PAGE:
Starjik comes to each village in the dead of night and takes a child. When his brother is taken Ivan sets off to find him. The journey is freezing cold and extremely dangerous.
Robert Swindells had me hooked from the first page:
"Turn your face to the east wind, and if you could see forever you would see Ivan's land. It is a land where summer is short and pale like a celadine; winter is long and cold as an icicle."
Celadine: This is a yellow flower - see below.
As in all good folktales, Ivan faces three challenges. He is attacked by wolves, he almost falls down an crevasse and Starjik lures him with the illusion of a happy village where children are dancing and singing. Each time he is rescued at the very last minute.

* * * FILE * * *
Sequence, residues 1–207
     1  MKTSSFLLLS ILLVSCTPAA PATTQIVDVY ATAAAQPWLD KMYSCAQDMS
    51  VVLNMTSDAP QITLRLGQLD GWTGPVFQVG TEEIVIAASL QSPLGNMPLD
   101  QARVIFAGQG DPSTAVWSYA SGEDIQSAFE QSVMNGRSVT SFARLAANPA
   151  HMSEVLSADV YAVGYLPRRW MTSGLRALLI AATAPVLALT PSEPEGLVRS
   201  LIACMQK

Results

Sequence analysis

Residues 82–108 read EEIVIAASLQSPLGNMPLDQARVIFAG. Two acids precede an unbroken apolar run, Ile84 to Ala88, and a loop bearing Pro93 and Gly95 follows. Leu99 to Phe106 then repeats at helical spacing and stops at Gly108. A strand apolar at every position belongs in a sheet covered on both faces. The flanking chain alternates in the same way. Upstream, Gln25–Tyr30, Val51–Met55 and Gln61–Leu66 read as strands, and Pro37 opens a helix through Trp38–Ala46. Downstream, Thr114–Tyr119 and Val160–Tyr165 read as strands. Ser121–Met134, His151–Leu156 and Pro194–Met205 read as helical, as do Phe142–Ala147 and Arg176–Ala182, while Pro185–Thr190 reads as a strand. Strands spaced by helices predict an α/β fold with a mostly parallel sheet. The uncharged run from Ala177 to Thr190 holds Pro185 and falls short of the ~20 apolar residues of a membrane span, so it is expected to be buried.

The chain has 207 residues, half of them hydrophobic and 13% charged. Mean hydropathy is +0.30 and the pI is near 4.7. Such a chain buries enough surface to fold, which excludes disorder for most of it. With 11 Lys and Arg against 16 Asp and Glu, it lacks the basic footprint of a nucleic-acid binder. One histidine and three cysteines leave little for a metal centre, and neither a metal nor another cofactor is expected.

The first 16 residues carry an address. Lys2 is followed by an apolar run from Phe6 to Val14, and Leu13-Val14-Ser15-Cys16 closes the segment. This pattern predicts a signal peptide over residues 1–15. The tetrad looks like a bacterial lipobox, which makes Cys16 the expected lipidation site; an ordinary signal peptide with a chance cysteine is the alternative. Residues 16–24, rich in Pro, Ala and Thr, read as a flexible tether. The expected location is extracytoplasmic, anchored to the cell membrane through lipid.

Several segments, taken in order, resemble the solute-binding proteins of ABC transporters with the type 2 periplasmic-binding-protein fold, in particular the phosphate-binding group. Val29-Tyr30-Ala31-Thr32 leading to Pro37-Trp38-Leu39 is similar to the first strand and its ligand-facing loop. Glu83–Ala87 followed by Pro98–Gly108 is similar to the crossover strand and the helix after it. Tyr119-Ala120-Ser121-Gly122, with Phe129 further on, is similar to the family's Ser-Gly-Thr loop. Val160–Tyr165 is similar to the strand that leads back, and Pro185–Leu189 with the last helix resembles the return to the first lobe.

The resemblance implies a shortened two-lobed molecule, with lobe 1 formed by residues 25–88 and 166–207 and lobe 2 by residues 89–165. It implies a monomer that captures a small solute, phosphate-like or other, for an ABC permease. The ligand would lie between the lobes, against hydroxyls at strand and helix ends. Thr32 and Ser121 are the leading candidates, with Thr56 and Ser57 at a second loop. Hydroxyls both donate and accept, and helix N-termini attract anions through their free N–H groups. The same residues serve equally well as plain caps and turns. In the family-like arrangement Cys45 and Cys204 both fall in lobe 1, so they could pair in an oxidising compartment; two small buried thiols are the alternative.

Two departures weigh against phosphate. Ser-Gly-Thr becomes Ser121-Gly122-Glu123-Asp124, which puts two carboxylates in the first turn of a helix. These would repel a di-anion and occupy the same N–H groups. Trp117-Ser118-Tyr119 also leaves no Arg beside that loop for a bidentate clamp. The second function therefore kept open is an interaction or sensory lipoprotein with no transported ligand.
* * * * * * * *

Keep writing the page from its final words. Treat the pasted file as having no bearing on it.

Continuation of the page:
"The wolf-cries drew nearer. He looked back. Dim shapes moved in the dark beneath the trees ... A few seconds more and they would be upon him."
Ivan eventually meets an old woman who has been saving his tears. She tells Ivan to use these against Starjik. Ivan reaches the cave palace and confronts the monster Starjik. In a scene with echoes of Narnia, he finds all the children captured in ice.
"Ivan clapped a hand to his mouth, stifling a cry. He was looking at a great block of ice. It was higher than three houses and as long as the cavern. The ice was clear as a crystal pool and inside he saw children. Many children, trapped in the solid ice. ... There were frozen smiles and frozen frowns, and there, right at the front, gazing out from his icy prison, was Ivan's brother."
Ice Palace is not a new book. It was first published in 1977 and my Puffin edition is from 1992 but the good news it you can still find this book. Here is a review by an eight year old published in The Guardian. TES also have teaching notes.